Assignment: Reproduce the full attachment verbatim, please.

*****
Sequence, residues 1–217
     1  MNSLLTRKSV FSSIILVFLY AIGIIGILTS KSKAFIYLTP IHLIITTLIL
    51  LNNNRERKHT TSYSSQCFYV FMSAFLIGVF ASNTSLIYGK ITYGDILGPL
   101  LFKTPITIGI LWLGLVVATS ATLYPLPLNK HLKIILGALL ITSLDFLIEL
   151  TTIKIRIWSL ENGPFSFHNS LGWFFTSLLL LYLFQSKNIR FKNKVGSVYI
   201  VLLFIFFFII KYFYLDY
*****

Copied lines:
Sequence, residues 1–217
     1  MNSLLTRKSV FSSIILVFLY AIGIIGILTS KSKAFIYLTP IHLIITTLIL
    51  LNNNRERKHT TSYSSQCFYV FMSAFLIGVF ASNTSLIYGK ITYGDILGPL
   101  LFKTPITIGI LWLGLVVATS ATLYPLPLNK HLKIILGALL ITSLDFLIEL
   151  TTIKIRIWSL ENGPFSFHNS LGWFFTSLLL LYLFQSKNIR FKNKVGSVYI
   201  VLLFIFFFII KYFYLDY